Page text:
Showing horrors of war

Editors back away from worst images

Analysis

April 02, 2004|By David Folkenflik | David Folkenflik,SUN STAFF

Confronted with horrifying images of dead Americans, news executives this week scrambled to balance concerns about upsetting readers and viewers with the obligation to report the news in its full enormity.

Photographs and video footage began arriving in newsrooms late Wednesday morning depicting the attack on U.S. civilian workers by Iraqis in Fallujah, an anti-American stronghold. They showed Iraqis beating the remnants of charred corpses with shovels and children stomping on the bodies of the dead, jubilant young Iraqis sitting inside the Americans' burned-out SUVs and throngs cheering the killings.

"This story 100 percent needs to be told. But how much needs to be shown without having genuinely disgusting things forced down [viewers'] throats?" MSNBC anchor Keith Olbermann said yesterday. "The videotape makes you feel that you're there."

His primetime cable news program, Countdown, relied on wide-angle shots, limited in length, of bodies hanging from a bridge accompanied by narration from Iraq by NBC reporter Richard Engel.

Initially, CNN, MSNBC and Fox News Channel concentrated on the anti-American celebrations rather than the violence itself. In their evening newscasts, the major television networks - ABC, NBC, and CBS - aired footage of the violence but digitally obscured the most graphic details of the killings. CBS anchor Dan Rather warned viewers that the images weren't appropriate for children, while ABC's Peter Jennings cautioned his audience about the force of the footage. Later, CNN showed viewers more of the violence itself. In the past, American networks have more readily shown corpses of people from other countries - including slain soldiers and dictators - than of American civilians or soldiers.

"You couldn't whitewash the event too much, because it was so astonishing and striking," said David Bohrman, CNN's Washington bureau chief. "But it took a little thought. This was a complicated story - Americans had been murdered and dismembered. Not all the family members had been informed."

In October 1993, similarly televised attacks on captured American service members in Somalia deeply shook U.S. public opinion and are said to have influenced the Clinton administration's decision to withdraw troops from that country. Bohrman and other journalists said that as they quickly made news decisions yesterday they were conscious of the effect the images might have.

During the first 24 hours after the attacks, however, the coverage from the cable news channels veered from sobering to heartwarming to peculiar.

The three cable channels devoted significant time Wednesday afternoon to the safe return of an abducted Wisconsin college student and the appearance of entertainer Michael Jackson, accused of child molestation, at an AIDS-related event on Capitol Hill. CNN's Larry King dwelled on the Scott Peterson murder trial and the illness of former television evangelist Tammy Faye Messner.

And by yesterday morning, the network news shows had already begun to emphasize other - less disturbing - subjects. Both ABC News' Good Morning America and NBC's Today Show began yesterday's news shows with stories on the return of Audrey Seiler, the Wisconsin undergraduate.

Later yesterday, CNN's Bohrman said his channel and others should have spent more time on the rampage in Fallujah. "Everybody got distracted by the story in Wisconsin waiting for a press conference [about the kidnapping] for three hours."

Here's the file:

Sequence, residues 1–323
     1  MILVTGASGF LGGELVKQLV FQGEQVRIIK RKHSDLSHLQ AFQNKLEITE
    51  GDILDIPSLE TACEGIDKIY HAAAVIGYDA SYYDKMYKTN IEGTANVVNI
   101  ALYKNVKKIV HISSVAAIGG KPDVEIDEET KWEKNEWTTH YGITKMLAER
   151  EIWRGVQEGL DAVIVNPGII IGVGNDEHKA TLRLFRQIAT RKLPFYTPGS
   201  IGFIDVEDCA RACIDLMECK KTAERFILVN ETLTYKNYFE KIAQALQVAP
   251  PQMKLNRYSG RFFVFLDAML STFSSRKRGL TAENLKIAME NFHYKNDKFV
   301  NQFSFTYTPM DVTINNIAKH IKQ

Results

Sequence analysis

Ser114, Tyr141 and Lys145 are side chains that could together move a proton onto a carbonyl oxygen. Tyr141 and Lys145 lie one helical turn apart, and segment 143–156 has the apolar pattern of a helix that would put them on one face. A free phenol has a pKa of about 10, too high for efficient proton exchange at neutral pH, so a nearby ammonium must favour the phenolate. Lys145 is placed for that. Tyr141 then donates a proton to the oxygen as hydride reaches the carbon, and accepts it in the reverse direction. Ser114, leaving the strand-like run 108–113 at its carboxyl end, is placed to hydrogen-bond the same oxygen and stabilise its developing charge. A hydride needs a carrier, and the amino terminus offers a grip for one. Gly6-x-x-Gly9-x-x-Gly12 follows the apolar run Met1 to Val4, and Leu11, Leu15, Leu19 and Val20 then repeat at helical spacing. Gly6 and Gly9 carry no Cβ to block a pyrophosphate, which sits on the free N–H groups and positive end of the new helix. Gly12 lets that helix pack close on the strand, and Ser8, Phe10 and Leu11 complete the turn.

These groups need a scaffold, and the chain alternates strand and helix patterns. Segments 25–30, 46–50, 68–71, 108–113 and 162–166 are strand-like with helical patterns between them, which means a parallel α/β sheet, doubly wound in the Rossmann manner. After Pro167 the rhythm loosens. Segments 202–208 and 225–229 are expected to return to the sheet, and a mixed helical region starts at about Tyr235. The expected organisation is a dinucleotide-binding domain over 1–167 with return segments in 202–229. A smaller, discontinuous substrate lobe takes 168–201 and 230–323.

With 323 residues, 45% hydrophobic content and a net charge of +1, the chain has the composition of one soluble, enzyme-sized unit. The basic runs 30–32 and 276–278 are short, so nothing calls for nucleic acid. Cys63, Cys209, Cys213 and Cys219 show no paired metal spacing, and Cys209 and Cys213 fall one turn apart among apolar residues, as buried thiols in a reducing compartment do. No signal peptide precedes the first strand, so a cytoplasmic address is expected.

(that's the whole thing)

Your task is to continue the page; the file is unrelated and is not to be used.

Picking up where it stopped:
For the past two days, many violent images of the attacks in Fallujah were circulated on Internet sites and non-American satellite television channels; in general, U.S. editors exercised more discretion. Newspapers often showed more explicit images than television news programs.

On their front pages yesterday, USA Today and The Washington Post published a photograph of a crowd using shoes to beat a corpse burned almost beyond recognition as a human form. The Sun, like The New York Times, the Chicago Tribune, the San Francisco Chronicle and a sizeable number of other newspapers, selected for the front page a photo depicting an exultant crowd standing before a bridge. In the background, the limp bodies of dead American civilians were visible, dangling from the beams of the bridge.

"In our opinion, not to run it would not have been reflective of the reality of the story," said Paul Moore, a deputy managing editor for The Sun. "We knew it would be offensive to some readers."

Indeed, readers objected: The Sun received about 60 phone calls, e-mails and letters from readers protesting its decision. Approaches differed throughout the country. The San Jose Mercury News, the Minneapolis Star-Tribune and the Boston Globe chose somewhat less explicit photographs - for example, the shell of one of the SUVs aflame as an Iraqi youth held a sign declaring Fallujah a cemetery for Americans.

In San Jose, managing editor David Satterfield said his newspaper weighed the force of the front page on readers as they rose in the morning. Viewers were told in a front-page caption that more violent images could be found on the newspaper's inside pages. "I could see how these photos would cause some strong and broad reactions among some readers, especially at the breakfast table," Satterfield said yesterday. "We frankly don't like to show dead bodies, particularly on the front page."

But other editors disagreed. Cliff Teutsch, managing editor of the Hartford Courant, which, like The Sun, is a Tribune Co. newspaper, said the picture that included the bodies hanging from the bridge "told the story of the day.

"It's our operating premise to tell it like it is and to show it like it is," Teutsch said yesterday. "It showed the crowd, the emotion - and what they did."

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